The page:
Tuesday, September 21, 2010

a week off

Back from camping for the week, I just had to get out and ride. I will admit when out hiking last week in the beautiful old-growth forests in Redwood National Park I frequently thought about how awesome it would be to trot a horse along the amazing, quiet primeval forest. The ground is so soft from millennium of plants and leaves, it almost bounces. I'd look at a trail rising steadily in front of me and think what a nice canter place that was. Unfortunately no horses are allowed on most of the trails, but it was almost as fun imagining it.

The barn manager reported that Major had been full of it all week: not being ridden means he runs his pasture mates around! I just wanted to get out on the trail, so saddled up and walked up the road. He seemed fine, not jumpy or silly, and off we went. I think we were both happy to be out. I love looking through perked ears as we take a trail turnoff, "Where are we going now?" Major seems to say.

Out to the lake. This time of year it just draws me in. The water is reflecting the sky, green grass to eat and no one out there. I didn't see another trail user the entire ride, and just two kayakers on the lake. Heading out we walked and trotted, and when I asked for a canter in one long, clear stretch it was so nice and controlled. His slow canter is slower than the fast trot, but so much nicer to ride. He was really being quite good. A tiny bit of spookiness (more than usual) that I think is just silliness from not being out.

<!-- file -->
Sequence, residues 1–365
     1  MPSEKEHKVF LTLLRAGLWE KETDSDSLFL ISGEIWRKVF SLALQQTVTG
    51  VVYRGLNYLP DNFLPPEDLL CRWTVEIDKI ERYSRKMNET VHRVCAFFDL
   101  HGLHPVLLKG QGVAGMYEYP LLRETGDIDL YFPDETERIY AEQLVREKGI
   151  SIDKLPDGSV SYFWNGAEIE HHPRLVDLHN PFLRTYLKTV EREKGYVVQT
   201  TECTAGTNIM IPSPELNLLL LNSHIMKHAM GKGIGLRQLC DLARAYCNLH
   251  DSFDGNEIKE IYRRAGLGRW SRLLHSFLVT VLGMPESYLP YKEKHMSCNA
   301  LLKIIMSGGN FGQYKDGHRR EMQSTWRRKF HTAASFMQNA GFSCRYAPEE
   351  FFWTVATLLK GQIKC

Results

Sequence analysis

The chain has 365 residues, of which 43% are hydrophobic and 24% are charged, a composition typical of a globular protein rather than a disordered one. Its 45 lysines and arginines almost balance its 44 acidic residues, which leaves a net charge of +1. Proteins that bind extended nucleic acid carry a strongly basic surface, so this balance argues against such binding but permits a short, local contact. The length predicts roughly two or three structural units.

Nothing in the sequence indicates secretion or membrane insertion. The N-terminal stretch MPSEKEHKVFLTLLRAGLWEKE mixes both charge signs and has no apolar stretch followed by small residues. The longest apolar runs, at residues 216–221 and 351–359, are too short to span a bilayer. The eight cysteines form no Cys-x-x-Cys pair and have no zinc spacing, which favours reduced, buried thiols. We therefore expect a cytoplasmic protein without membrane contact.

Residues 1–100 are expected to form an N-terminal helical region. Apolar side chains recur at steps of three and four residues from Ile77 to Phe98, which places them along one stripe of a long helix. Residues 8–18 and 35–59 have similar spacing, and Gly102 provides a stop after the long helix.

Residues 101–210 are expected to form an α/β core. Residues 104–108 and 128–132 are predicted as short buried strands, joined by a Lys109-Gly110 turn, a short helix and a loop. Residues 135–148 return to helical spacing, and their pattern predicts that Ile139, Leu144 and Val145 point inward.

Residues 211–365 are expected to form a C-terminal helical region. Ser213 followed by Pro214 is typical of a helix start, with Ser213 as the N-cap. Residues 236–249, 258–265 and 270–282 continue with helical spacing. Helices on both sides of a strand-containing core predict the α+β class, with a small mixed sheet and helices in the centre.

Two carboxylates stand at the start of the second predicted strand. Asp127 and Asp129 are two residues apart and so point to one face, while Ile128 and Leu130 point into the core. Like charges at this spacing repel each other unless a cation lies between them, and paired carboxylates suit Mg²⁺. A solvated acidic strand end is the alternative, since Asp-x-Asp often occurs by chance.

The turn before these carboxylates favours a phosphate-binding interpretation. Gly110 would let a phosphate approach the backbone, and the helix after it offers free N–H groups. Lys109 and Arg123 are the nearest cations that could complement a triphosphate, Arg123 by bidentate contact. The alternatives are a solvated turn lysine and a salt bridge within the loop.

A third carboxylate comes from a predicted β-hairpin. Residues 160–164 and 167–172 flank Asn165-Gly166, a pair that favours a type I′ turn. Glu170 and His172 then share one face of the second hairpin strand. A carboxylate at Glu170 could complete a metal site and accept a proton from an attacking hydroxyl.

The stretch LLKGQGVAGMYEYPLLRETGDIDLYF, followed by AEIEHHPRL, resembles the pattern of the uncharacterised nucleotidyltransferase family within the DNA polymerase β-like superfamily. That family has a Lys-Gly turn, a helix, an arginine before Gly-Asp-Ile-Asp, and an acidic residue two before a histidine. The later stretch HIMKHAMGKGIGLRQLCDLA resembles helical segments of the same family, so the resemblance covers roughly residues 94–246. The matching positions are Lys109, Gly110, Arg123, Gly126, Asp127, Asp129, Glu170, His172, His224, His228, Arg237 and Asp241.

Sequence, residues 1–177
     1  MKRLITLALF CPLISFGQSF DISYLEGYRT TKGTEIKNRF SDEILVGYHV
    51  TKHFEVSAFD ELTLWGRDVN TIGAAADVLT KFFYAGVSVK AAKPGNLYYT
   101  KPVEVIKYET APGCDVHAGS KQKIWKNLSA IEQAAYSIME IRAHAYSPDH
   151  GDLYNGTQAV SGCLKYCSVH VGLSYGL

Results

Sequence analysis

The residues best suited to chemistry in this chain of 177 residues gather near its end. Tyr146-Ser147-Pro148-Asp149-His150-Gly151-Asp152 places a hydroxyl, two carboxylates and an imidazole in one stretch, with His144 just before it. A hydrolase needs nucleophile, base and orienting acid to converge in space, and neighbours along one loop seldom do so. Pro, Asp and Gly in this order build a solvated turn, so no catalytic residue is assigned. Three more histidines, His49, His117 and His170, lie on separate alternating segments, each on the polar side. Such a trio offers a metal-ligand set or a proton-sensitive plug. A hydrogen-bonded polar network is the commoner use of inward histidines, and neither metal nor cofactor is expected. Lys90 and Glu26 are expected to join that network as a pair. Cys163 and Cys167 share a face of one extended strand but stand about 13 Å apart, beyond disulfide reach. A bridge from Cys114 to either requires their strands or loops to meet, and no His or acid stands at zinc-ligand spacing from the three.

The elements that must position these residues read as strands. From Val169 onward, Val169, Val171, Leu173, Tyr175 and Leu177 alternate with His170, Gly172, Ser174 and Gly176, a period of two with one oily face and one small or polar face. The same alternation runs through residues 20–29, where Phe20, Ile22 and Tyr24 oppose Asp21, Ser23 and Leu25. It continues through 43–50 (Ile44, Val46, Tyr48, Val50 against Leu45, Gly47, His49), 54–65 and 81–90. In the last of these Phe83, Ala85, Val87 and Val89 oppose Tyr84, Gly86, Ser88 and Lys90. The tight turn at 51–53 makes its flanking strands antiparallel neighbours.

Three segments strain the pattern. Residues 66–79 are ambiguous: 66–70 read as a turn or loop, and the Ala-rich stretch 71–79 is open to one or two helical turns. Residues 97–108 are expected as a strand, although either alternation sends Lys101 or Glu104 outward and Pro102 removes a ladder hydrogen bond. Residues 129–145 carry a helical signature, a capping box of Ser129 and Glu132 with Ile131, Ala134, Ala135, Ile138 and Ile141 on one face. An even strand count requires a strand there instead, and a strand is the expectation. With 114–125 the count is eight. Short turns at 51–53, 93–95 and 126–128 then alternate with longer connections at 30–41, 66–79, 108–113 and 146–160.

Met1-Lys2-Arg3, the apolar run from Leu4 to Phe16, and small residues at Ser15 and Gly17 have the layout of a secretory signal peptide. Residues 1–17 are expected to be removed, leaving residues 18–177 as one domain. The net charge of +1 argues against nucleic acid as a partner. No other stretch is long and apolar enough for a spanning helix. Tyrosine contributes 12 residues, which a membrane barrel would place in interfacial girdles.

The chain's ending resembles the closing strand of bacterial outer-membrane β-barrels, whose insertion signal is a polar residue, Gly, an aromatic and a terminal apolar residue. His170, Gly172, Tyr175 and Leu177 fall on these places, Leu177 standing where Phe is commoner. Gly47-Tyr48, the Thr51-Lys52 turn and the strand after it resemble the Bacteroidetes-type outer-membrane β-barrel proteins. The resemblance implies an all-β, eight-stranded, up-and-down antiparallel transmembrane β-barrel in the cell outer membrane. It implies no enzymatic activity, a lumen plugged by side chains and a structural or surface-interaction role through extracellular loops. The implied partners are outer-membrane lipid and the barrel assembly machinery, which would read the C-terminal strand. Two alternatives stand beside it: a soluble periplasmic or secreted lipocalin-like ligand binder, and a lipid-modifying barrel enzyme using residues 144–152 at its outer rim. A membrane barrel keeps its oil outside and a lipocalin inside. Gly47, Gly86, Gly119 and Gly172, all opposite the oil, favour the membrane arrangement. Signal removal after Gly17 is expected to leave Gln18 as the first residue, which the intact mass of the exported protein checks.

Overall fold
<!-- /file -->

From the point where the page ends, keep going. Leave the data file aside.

The grass was so tempting, and our ride was so nice, I stopped and let him eat many times. At one stop I noticed he'd tweaked his boot off center, and since we were on the sandy trail I just took them off. I put them on later with no issues.

grass at the perfect height!
Coming home started the pulling contest, but even that was ok. Just something we're working on. I wasn't going to let much ruin my day, so when he got silly, I just waited, and circled or backed or reversed trail. We walked all the hills he wanted to trot, and had to stand by the scary water trough at the staging area (just that one trough, no idea why!).

Back home in time for a bath and an appointment with the trimmer. As much as I'd like to learn myself, it is sure a lot of work! Since Major has been wearing the boots his feet hadn't worn as much, and the trimmer actually had more work to do on the rock-hard feet. With trimming every four weeks Major's feet seem to get better and better. Plenty of heel, but still working on his contractedness. Most things I've read have said it just comes with time. Starting to have enough heel to support the back of the hoof will help with that.

A good horse day. I often think the simplest day (even the challenges) with horses are better than most any other adventure.

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